Audi drags DTM into fresh controversy

Norbert Haugh, Wolfgang Ullrich, DTM, Barcelona, 2007 | DTM Media ServiceSeveral drivers made woeful mistakes on the track at today’s DTM race in Barcelona – but by far the biggest blunder of all was committed on the pit wall.

Audi’s withdrawal from today’s DTM race at Barcelona was, in my opinion, a ridiculous over-exaggeration and a dismal display of poor sportsmanship.

Their withdrawal hinted at the suspicion that rival Mercedes’ drivers had been ordered to give no quarter to their competitors. But reviewing the collisions it’s hard to support Audi’s move which has served only to damage the sport and hurt the fans.

Mika Hakkinen was certainly at fault in his collision with Martyn Tomcyk. Tomcyk had given Hakkinen the bare minimum of room on the dirtiest part of the circuit, Hakkinen failed to brake in time, and hit Tomcyk as a result. It wass hard luck for Tomcyk, but that’s racing.

Audi perhaps had more cause to be angry with the clash that took out Mattias Ekstrom. Ekstrom’s move in pushing Daniel la Rosa onto the grass may have been unnecessary, but la Rosa’s subsequent trip across the grass into the side of Ekstrom was reckless.

The two following collisions – between Mathias Lauda and Timo Scheider, and Mike Rockenfeller and Bruno Spengler – were racing incidents, pure and simple.

It’s not hard to imagine how, in the heat of the moment, Audi’s team managers might have looked at the crashes and concluded that it was the work of some sinister conspiracy on the part of Mercedes.

One would like to think that the brightest minds at Audi were above such a crude assumption, but not only did they believe on it, their reaction to it was totally out of proportion.

Instead of waiting for the steward’s response (which, when it came, was to levy hefty fines on Hakkinen and la Rosa) they took matters into their own hands.

Withdrawing all of their cars sent two strong messages: one, we don’t care about the fans, and two, we have no confidence in the DTM stewards.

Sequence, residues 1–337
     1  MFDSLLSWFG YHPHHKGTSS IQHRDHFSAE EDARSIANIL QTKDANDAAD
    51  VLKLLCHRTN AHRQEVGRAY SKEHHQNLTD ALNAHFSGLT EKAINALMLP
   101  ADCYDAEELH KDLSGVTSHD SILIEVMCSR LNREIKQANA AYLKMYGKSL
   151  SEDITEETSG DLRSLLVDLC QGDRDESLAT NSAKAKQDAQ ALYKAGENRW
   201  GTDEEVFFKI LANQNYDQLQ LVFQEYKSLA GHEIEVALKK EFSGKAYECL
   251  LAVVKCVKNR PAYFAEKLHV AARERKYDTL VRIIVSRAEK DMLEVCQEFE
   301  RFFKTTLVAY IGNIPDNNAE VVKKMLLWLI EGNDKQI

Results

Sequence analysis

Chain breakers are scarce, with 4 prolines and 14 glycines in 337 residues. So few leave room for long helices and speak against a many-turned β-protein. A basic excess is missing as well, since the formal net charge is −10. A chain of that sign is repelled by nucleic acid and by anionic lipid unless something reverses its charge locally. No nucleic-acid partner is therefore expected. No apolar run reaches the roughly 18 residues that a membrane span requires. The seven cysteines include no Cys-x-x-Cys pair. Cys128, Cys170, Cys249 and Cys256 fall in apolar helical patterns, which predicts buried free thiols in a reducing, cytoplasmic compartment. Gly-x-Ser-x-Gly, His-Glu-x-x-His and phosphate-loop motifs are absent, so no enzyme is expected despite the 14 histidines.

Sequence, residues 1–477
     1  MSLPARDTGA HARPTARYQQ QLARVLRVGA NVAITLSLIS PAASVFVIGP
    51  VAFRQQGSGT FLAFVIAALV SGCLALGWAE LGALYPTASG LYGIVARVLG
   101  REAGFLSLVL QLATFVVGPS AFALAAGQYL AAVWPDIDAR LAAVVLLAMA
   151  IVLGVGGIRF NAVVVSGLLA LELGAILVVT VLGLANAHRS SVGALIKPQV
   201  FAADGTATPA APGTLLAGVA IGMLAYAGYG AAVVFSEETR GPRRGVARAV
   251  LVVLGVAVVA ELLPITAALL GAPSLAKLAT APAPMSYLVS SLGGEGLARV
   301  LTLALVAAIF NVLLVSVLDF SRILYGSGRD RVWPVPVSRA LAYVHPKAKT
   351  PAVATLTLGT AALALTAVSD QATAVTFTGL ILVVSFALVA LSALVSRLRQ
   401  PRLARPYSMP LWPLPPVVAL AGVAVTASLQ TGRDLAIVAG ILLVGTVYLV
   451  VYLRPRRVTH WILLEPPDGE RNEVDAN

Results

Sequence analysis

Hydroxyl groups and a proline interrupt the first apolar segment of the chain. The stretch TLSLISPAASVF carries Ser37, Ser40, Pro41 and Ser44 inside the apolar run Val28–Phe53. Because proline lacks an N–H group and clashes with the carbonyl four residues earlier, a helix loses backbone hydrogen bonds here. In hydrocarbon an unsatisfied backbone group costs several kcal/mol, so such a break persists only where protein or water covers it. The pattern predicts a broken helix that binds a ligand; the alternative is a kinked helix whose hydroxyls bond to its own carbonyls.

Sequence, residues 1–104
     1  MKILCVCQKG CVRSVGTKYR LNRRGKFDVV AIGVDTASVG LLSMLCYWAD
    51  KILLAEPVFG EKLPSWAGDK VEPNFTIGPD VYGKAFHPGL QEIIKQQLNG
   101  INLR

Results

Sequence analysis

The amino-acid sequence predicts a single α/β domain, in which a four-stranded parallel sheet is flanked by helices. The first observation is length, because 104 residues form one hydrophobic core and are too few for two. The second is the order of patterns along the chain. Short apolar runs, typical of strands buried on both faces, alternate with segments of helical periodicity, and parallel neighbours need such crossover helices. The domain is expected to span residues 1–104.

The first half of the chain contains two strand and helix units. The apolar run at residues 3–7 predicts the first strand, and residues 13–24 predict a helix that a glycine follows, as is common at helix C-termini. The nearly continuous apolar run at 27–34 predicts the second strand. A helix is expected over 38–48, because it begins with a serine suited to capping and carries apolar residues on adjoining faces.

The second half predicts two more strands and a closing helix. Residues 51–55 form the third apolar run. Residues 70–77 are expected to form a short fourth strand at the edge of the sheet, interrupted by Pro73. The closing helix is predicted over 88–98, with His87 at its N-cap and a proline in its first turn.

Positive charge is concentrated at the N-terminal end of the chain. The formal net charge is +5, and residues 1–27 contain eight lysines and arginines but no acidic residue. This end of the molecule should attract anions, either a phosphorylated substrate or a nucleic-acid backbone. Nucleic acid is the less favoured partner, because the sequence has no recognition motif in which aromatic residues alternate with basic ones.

In practical terms it achieved absolutely nothing, except throwing a few championship points away, and making it abundantly clear to the seven Audi drivers that remained in the race (more than Mercedes had at that point) that the team bosses don’t really care about where they finish.

It’s yet another blow for the DTM in a poor year for the series. Audi have had a role in all of this year’s worst moments.

They were the victims of a safety car error at the Lausitzring badly, and after lobbying the sports’ governing body half-points were awarded to the top eight.

The Zandvoort race ended in a hail of boos from the crowd as a string of Audi drivers pulled over to let championship favourites Tomcyk and Ekstrom pass. The former was waved by twice by Alexandre Premat – once in sight of the chequered flag in a manner reminiscent of Ferrari’s acts in F1 in 2002.

The DTM can’t afford to lose Audi, as it has only two manufacturers left in the series. But on the strength of today’s disgraceful display from the team, I honestly wouldn’t be sorry to see them go.

Related links: DTM Barcelona: Scandal as Audi withdraw | DTM Zandvoort: Audi fix the finish | Lausitzring race points cut | DTM Lausitzring: Hakkinen wins amid chaos

Photo: DTM Media Service

Advert | Go Ad-free

1 comment on Audi drags DTM into fresh controversy

  1. George said on 28th September 2007, 1:38

    Audi should go back to Rallying and leave touring cars to mercedes and BMW. DTM should do what it takes to get bmw back, and which ever other manufacturer wants to join in. The more the merrier. BMW always looked out of place in that emasculated, gay WTCC series. DTM would be much better as they won’t be limited to a puny 2L engine.

Add your comment

Your email address will not be published. Required fields are marked *

All comments must abide by the comment policy. Comments may be moderated.
Want to post off-topic? Head to the forum.
See the FAQ for more information.